To the Editor:
With every new detail of Tom Jones' chicanery ("End of the Honeymoon," November 14th issue), I get more pissed off. He's a thief, and he should go to prison. I don't see how it's relevant that he was a great guy to deal with while he was ripping off the taxpayers. You guys are quick to hammer The Commercial Appeal for being lightweight, but John Branston's kid-glove closing to the story ranks right up there. Jones should call Branston as a character witness at his sentencing hearing.
To the Editor:
Ron Martin has an inaccurate statement in his "Slave Traders?" article (November 14th issue). The University of Michigan did not make an "admission of guilt for buying athletes in the1990s." The university admitted that four student-athletes and their families received improper loans from a rogue booster, Ed Martin, a time-honored tradition in all collegiate athletic programs.
Martin's article implies that Michigan was illegally paying for the student-athletes' services, which was certainly not the case. The University of Michigan case is much different from the Albert Means/University of Alabama case and should not in any way be compared to it. The student-athletes in the University of Michigan case -- Chris Webber, Robert Traylor, Maurice Taylor, and Louis Bullock -- had successful and productive collegiate basketball careers. Hopefully, Albert Means can have a successful and productive collegiate football career.
To the Editor:
Ron Martin should tread lightly when comparing the Albert Means fiasco to modern-day slave trading. I am not African-American, but if I were, I am pretty sure such a comparison would offend me. How can you compare the opportunity for a young man (regardless of color) to receive room and board, a quality education, and a chance to make millions of dollars in the NFL to slavery?
What happened to Albert Means is terrible, but it hardly reeks of racism. Martin seems to think that because the men who "sold" Albert Means are black the African-American community -- specifically, maybe even exclusively -- should be outraged. I would argue that the African-American community is equally outraged about this situation as the rest of the community is. "Equal" -- quite a concept, huh, Mr. Martin?
Martin essentially refutes his own African-American call-to-arms with a single quote: "The color of their skin does nothing to diminish Lang's and Kirk's acts of treason against those who trusted them." Damn right, it doesn't. Does Martin not realize that one of the other "slave traders" involved -- the "buyer," in this case -- is white? This incident transcends race.
To the Editor:
I believed Damien Echols, Jason Baldwin, and Jessie Misskelley were innocent ("Untangling Devil's Knot," November 7th issue) after seeing the film Paradise Lost. However, I always research anything I get involved in and I quickly found out that many of the things I saw in Paradise Lost were sensationalized or blatantly misleading.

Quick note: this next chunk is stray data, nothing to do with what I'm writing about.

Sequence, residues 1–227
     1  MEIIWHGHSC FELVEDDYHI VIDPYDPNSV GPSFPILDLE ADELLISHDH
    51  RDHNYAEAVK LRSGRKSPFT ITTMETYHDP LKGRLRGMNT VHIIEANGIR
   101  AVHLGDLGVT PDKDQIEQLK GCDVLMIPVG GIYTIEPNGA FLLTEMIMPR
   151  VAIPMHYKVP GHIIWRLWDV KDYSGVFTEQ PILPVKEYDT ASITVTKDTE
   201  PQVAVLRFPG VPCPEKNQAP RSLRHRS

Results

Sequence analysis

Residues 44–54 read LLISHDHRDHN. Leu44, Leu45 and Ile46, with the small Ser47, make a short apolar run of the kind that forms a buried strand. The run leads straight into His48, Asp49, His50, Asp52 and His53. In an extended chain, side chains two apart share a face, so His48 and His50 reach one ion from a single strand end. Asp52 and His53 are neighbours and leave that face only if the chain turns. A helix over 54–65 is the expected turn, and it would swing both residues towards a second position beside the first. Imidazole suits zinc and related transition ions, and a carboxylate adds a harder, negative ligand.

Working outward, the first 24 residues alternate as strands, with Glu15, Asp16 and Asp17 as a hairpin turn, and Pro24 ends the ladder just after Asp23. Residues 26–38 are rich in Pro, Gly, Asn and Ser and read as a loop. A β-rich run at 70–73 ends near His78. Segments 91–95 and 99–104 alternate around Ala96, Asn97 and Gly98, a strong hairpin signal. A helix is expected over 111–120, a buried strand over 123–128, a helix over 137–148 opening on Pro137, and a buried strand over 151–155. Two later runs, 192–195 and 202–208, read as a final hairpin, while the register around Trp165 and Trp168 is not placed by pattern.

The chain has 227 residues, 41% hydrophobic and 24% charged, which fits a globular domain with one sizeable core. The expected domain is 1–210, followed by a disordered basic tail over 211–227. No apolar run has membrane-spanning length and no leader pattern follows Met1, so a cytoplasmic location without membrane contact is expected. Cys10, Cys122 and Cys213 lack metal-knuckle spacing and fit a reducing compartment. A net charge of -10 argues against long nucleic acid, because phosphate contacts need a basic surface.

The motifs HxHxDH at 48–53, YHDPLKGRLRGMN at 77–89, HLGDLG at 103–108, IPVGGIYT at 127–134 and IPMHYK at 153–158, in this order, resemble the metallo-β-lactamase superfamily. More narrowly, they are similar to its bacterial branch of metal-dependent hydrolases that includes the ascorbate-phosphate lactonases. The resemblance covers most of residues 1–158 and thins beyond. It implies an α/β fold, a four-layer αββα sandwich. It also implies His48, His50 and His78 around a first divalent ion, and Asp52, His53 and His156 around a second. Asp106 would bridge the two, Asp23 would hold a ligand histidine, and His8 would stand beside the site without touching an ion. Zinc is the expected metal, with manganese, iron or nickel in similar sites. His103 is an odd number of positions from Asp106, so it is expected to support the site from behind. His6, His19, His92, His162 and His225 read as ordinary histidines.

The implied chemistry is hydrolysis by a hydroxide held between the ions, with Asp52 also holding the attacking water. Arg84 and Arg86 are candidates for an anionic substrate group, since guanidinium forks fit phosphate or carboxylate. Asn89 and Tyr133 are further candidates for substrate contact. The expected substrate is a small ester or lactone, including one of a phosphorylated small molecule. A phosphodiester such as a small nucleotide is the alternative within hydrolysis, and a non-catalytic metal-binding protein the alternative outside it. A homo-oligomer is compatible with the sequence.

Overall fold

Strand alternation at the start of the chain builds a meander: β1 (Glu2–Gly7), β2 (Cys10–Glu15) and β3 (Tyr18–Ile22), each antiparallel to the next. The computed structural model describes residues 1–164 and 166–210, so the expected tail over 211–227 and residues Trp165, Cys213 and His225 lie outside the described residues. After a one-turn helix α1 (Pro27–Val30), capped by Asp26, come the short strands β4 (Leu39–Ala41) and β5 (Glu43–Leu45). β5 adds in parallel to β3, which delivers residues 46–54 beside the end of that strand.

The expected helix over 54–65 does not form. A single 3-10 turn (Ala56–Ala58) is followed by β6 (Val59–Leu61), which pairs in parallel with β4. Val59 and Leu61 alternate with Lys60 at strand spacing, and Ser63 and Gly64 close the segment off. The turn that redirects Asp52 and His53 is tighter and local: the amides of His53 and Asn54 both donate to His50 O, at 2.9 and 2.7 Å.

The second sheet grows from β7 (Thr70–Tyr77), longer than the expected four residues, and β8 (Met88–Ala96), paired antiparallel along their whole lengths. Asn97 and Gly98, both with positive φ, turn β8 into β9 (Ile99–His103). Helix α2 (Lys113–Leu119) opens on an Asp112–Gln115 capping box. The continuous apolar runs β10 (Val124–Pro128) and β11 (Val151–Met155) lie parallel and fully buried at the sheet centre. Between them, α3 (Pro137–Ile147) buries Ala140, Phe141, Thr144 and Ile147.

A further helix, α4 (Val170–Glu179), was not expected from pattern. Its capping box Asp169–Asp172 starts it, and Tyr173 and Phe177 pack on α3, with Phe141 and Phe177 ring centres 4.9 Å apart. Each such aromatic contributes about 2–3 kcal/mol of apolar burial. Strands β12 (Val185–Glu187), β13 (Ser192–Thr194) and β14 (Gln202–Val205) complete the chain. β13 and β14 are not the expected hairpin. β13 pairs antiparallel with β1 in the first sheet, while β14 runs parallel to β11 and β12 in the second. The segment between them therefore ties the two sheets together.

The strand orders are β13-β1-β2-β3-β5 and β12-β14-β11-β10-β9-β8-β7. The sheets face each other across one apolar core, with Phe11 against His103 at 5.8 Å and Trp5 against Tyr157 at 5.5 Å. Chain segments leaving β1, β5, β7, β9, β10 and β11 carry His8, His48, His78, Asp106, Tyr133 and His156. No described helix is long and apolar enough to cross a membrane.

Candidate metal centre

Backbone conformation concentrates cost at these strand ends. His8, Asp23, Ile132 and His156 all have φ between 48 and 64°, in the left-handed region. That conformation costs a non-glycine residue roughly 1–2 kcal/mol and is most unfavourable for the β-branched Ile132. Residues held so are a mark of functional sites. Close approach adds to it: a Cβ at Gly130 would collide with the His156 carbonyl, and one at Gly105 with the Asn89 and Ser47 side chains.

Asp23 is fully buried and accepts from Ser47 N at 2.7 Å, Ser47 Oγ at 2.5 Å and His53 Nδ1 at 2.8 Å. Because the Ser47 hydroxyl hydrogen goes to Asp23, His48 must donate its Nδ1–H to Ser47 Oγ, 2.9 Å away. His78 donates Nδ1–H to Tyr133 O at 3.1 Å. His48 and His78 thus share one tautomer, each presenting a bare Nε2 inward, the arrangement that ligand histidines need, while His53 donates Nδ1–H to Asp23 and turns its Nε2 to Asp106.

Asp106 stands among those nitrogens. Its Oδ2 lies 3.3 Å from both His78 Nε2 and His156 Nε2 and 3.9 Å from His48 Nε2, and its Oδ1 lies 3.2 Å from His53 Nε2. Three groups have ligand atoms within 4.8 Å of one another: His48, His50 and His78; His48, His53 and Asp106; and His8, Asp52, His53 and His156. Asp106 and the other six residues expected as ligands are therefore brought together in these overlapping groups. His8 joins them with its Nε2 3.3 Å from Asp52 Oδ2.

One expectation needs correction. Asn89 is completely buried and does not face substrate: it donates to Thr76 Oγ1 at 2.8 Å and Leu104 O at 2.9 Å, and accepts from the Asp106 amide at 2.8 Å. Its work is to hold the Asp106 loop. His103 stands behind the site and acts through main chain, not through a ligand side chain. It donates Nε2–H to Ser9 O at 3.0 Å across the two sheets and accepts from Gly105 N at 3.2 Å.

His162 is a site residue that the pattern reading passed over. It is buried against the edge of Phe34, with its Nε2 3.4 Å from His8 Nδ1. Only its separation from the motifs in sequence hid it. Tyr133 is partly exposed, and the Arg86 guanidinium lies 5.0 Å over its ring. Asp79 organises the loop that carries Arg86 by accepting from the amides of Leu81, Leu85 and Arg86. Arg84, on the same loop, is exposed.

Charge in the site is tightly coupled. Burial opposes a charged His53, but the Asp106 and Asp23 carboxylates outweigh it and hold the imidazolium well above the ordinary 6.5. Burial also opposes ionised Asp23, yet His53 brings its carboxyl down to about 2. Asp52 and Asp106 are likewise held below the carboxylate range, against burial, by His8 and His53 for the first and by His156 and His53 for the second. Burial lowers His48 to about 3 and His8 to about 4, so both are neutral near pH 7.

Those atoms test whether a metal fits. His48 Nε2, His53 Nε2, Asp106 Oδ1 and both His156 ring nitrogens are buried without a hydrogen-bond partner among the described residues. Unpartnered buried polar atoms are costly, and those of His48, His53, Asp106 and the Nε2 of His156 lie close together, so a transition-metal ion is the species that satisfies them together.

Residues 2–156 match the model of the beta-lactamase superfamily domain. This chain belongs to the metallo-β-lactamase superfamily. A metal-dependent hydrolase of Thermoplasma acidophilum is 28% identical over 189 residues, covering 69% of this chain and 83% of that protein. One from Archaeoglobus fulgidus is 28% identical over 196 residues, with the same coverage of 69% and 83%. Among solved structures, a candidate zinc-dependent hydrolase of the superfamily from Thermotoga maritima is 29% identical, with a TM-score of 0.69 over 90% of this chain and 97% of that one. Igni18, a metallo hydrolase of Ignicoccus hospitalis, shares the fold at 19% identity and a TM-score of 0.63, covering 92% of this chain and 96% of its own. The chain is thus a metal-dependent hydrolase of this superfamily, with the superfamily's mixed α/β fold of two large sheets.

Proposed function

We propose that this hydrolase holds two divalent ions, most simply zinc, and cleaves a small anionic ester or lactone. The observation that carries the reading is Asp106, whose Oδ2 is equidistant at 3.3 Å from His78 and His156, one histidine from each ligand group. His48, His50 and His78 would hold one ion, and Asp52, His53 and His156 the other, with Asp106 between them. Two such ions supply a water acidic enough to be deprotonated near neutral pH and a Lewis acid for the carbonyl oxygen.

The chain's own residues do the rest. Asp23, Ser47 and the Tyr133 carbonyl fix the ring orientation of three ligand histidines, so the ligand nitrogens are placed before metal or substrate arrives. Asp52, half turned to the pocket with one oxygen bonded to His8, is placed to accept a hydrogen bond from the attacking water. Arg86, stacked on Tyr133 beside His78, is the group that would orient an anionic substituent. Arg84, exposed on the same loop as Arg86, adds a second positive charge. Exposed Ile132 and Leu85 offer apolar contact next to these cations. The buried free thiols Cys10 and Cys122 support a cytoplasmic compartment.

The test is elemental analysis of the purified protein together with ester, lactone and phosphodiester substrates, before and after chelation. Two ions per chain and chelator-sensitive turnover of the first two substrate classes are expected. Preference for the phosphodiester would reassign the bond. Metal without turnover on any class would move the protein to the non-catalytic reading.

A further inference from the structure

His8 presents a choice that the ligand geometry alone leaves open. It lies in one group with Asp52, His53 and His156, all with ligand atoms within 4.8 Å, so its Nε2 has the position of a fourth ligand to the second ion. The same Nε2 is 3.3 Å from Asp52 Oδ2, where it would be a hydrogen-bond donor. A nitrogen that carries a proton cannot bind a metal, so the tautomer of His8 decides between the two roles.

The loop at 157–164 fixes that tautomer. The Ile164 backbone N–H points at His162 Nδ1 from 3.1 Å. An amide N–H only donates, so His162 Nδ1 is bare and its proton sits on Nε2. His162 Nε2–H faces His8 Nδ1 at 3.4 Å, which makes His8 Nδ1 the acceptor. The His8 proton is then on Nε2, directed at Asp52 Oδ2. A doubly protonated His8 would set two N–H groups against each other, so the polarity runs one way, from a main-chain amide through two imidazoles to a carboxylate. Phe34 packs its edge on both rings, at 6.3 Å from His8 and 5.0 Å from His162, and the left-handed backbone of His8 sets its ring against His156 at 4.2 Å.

First, Jessie Misskelley Jr. is not mentally handicapped. He has a low IQ and I'm sure he'd have trouble with quantum physics, but he's no Forrest Gump either. He was completely capable of being questioned by the West Memphis police without getting confused. Could Jessie handle the questioning? I think so.
Second, which one of Jessie's confessions was coerced? The first one? The second one? The fourth one? Would someone confess multiple times if they're being coerced? Can coerced confessions happen when the accused's lawyers are present? Misskelley confessed to the murders multiple times, and one of the confessions took place with his lawyer, Dan Stidham, and other counsel present.
As Mara Leveritt writes in her book, the West Memphis police didn't have much information about the crime. The crime lab in Little Rock wasn't releasing anything, and the medical examiner, Peretti, wasn't either. They didn't know what type of weapon was used, what the causes of death were, and didn't know who died first or last. Jessie Misskelley Jr. told them all that information in his confessions. You know, the ones that were "spoon fed" to him by the West Memphis police. How could they have "fed" him anything if they didn't know anything themselves? They couldn't have.
Last but not least, why would any of the victims' families talk to Mara Leveritt? Since day one she has been an advocate for Damien, Jason, and Jessie, not the victims. She's making money off of dead children and supporting the men who killed them. Not only does Leveritt avoid representing their side of the story, she points an accusatory finger at one of the parents as being the actual killer!
The men convicted of these crimes are guilty. Anyone who has researched the case can see that. Don't believe everything you read just because there are money, movies, and celebrities attached.
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